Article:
What are Russia’s real motivations in Ukraine?

Ruth Deyermond writes: Interpretations of the Ukrainian crisis as engineered by Russia to enable a neo-imperialist land-grab, though understandable in places with a long and unhappy history in relation to Russia such as Poland and Georgia, are mistaken. Russia has never seemed keen to bear the political or economic costs of reacquiring other ex-Soviet states when it can achieve its regional objectives through other instruments.

Russia’s role in the origins of the crisis was differently motivated – attempting to prevent the irrecoverable loss of its most important neighbour to western institutions, it appears to have persuaded the Yanukovych government to pull back from closer ties to the EU. In doing so, it triggered the protests which brought down the Ukrainian government and presented a far more immediate and severe threat to its interests in Ukraine – a radically pro-western, anti-Russian government. Russian actions in Ukraine have been, and continue to be, an attempt to salvage its position in a crisis it helped to create but did not want.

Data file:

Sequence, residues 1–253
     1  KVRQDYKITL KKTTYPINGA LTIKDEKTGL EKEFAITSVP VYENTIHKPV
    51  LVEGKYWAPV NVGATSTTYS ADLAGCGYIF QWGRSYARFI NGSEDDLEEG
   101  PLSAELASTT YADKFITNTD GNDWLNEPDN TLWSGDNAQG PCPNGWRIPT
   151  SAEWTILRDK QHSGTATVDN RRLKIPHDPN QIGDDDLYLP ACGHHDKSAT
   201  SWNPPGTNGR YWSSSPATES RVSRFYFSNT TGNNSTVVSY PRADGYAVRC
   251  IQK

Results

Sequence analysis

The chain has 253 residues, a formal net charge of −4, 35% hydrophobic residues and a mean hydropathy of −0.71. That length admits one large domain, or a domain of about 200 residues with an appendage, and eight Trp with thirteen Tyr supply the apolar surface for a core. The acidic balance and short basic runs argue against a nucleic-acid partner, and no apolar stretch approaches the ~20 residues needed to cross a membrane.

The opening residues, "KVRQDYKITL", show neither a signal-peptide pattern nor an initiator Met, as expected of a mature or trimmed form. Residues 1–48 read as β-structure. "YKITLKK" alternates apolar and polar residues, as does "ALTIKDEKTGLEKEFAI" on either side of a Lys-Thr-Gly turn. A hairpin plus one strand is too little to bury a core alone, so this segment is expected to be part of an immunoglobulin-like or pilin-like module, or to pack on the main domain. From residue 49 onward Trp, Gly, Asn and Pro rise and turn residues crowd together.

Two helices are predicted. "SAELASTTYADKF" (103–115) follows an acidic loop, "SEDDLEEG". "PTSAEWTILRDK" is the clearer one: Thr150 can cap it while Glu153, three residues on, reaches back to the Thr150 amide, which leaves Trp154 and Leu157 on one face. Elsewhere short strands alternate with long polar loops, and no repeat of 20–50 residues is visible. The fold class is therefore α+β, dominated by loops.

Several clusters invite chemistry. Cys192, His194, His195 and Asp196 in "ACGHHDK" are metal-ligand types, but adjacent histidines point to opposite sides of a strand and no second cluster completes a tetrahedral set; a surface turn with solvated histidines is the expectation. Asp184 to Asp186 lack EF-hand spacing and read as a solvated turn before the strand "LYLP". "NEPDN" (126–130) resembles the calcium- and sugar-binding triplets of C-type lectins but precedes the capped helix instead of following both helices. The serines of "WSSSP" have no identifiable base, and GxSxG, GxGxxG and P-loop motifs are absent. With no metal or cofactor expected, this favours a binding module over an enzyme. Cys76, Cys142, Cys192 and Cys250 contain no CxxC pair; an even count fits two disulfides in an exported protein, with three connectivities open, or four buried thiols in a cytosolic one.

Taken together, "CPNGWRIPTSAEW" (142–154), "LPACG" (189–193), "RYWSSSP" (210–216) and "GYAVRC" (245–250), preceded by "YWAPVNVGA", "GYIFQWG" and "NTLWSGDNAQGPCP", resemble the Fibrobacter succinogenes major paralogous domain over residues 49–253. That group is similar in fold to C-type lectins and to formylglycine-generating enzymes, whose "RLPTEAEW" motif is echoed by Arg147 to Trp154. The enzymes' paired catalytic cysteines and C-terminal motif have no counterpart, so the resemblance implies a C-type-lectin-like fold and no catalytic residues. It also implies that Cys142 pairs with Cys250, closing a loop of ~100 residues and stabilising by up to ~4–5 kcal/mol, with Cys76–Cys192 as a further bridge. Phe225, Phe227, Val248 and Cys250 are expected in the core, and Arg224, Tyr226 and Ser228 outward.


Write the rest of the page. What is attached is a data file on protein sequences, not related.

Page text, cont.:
For those in the US and Europe who fear an escalation of the crisis, this should be both positive and negative. The positive aspect is that far from being driven by a crazed, Hitler-like quest for European domination, the objectives of the Putin government appear to be both limited and rational: the protection of its regional security interests and great power status. Escalation of the crisis is precisely what needs to be avoided for this to succeed, which is why Russia appears open to a negotiated resolution. [Continue reading…]

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